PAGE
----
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The nurturer: Lactation expert helps coast moms feed their babies

Being a mother didn’t come easily for Stephanie Gable.

“I didn’t think I was a nurturer; I didn’t know what that looked like,” says the Diamondhead resident, who was in foster care as a child and adopted at age 13. “I went into mothering my own children from a place of fear and anxiety.”

After her third child was born, Gable couldn’t work due to her husband’s military career, and mothering became her main role. Like many moms, she struggled with feelings of inadequacy and self-doubt, but she soon found that her kids judged her much less harshly than she judged herself.

“My three children gave me space to heal, gave me grace when I didn’t get it right, and, along the way, I became the nurturer I didn’t know was in me” says Gable, a registered nurse and international board-certified lactation consultant. “It’s these experiences that led me to the work I do today and have helped me ‘see’ and ‘hear’ moms in so many forms — not just their feeding choices.”


Lactation consultant, Stephanie Gable (right)

Gable didn’t set out to become a breastfeeding expert. In fact, when her nurse manager at Memorial Health System sent her to a breastfeeding educator course 24 years ago, she balked because she didn’t want to sit through two days of the same subject.

When the training ended, she received a lapel pin identifying her as a breastfeeding educator, which she put away with no intention of ever wearing. But ironically, six weeks later, her husband received military orders to California, and the only open civilian nurse position was a breastfeeding educator.

“I wore my pin to the interview, and they hired me thinking I knew what I was doing,” Gable recalls. “Then the person who was supposed to train me left my first day, never to return, because she thought I knew what I was doing. I had to sink or swim.”

And swim she did, reading and applying everything she’d learned to caring for the women who came to see her. Along the way, Gable developed a deep passion not just for helping them, but for educating the entire hospital staff about the importance of breastfeeding.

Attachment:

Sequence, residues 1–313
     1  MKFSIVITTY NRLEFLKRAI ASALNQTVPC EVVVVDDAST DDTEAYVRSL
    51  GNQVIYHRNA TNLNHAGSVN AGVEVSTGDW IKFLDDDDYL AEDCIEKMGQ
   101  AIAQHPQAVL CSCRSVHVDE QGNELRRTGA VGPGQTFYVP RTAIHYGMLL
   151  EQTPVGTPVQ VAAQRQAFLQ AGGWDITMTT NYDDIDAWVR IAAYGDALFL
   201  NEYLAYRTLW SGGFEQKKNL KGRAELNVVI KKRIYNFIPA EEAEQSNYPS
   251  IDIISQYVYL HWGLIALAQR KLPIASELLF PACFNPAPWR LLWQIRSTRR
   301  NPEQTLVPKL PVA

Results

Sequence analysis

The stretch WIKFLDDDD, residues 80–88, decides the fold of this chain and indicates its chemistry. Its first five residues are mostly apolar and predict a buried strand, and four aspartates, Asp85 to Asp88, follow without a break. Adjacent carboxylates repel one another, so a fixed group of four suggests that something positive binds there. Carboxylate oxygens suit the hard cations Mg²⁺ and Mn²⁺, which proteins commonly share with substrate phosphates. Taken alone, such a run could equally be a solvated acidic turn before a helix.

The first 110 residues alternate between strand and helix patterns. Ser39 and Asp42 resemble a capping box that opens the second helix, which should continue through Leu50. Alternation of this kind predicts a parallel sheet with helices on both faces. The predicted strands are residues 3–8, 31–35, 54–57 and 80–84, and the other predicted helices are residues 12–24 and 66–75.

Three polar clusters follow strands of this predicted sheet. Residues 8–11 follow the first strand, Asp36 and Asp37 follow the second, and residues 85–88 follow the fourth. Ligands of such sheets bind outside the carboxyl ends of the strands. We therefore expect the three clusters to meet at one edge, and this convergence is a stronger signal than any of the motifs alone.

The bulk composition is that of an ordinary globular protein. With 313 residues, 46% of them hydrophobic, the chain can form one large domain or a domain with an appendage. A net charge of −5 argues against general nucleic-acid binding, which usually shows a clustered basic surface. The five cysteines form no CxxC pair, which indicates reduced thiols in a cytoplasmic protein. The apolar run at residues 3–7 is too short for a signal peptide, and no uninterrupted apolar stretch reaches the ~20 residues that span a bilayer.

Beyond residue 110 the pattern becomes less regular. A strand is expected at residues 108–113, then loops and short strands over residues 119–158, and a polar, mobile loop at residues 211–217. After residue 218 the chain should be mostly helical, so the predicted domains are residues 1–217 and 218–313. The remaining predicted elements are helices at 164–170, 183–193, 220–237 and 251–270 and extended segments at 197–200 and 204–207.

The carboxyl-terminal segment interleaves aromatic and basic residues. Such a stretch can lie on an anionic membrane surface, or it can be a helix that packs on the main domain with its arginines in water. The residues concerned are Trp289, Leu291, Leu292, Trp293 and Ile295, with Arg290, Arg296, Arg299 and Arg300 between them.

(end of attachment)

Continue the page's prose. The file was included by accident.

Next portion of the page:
“I created curriculums that I still use to this day to teach parents and my peers in how to promote, educate and protect a woman’s choice when it comes

to feeding her newborn,” she says. “I exude a positive and nonjudgmental (attitude) in my approach to helping others. I help mothers understand their options and let them choose.”


In Fall 2014, Gable decided to create the only brick-and-mortar breastfeeding center in Mississippi at that time: the Gulf Coast Breastfeeding Center, located in Pass Christian. She explains that more than 90 percent of the babies the GCBC team encounters with feeding difficulties have tongue and/or lip ties.

Gable founded the Gulf Coast Breastfeeding Center in Pass Christian, which has the mission of supporting, protecting, advocating and educating women regarding the benefits of human milk for all babies.

“I often get to put moms’ minds to ease, as most believe ‘I must be doing something wrong,’” she says. “In reality, it’s usually the baby’s mouth that is the contributing factor for their feeding challenges.”

Since founding the GCBC, Gable has helped over 4,000 moms through their struggles, which equates to over 4,000 babies and many of their family members. Three years ago, she became affiliated with the Mississippi Public Health Institute and began providing free care to mothers who can’t afford professional services through weekly support groups, called MS MILC Leagues (Making an Impact in Lactation Communities).

“I show up every day excited for the mommas and babies that trust me to help them,” Gable says. “I have been so grateful to be able to provide these services.”

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